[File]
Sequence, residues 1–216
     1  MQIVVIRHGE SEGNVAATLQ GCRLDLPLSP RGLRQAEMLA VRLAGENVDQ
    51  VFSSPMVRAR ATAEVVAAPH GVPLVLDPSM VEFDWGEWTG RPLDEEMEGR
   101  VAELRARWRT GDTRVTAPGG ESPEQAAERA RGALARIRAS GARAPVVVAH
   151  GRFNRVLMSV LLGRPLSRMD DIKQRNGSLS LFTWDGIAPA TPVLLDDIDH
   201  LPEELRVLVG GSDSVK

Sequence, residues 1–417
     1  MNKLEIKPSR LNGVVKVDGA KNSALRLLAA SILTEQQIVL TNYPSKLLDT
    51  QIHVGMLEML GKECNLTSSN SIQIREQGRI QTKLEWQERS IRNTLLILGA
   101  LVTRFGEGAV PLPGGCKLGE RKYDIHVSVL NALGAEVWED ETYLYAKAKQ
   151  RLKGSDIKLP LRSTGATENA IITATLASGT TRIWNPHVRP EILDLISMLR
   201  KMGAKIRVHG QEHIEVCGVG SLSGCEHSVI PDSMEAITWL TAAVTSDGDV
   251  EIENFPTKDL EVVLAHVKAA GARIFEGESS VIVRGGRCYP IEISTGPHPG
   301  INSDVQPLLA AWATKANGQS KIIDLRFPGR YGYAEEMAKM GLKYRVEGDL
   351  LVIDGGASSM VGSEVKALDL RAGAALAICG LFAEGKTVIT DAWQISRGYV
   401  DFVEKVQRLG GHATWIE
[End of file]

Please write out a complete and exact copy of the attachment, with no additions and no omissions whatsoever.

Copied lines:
Sequence, residues 1–216
     1  MQIVVIRHGE SEGNVAATLQ GCRLDLPLSP RGLRQAEMLA VRLAGENVDQ
    51  VFSSPMVRAR ATAEVVAAPH GVPLVLDPSM VEFDWGEWTG RPLDEEMEGR
   101  VAELRARWRT GDTRVTAPGG ESPEQAAERA RGALARIRAS GARAPVVVAH
   151  GRFNRVLMSV LLGRPLSRMD DIKQRNGSLS LFTWDGIAPA TPVLLDDIDH
   201  LPEELRVLVG GSDSVK

Sequence, residues 1–417
     1  MNKLEIKPSR LNGVVKVDGA KNSALRLLAA SILTEQQIVL TNYPSKLLDT
    51  QIHVGMLEML GKECNLTSSN SIQIREQGRI QTKLEWQERS IRNTLLILGA
   101  LVTRFGEGAV PLPGGCKLGE RKYDIHVSVL NALGAEVWED ETYLYAKAKQ
   151  RLKGSDIKLP LRSTGATENA IITATLASGT TRIWNPHVRP EILDLISMLR
   201  KMGAKIRVHG QEHIEVCGVG SLSGCEHSVI PDSMEAITWL TAAVTSDGDV
   251  EIENFPTKDL EVVLAHVKAA GARIFEGESS VIVRGGRCYP IEISTGPHPG
   301  INSDVQPLLA AWATKANGQS KIIDLRFPGR YGYAEEMAKM GLKYRVEGDL
   351  LVIDGGASSM VGSEVKALDL RAGAALAICG LFAEGKTVIT DAWQISRGYV
   401  DFVEKVQRLG GHATWIE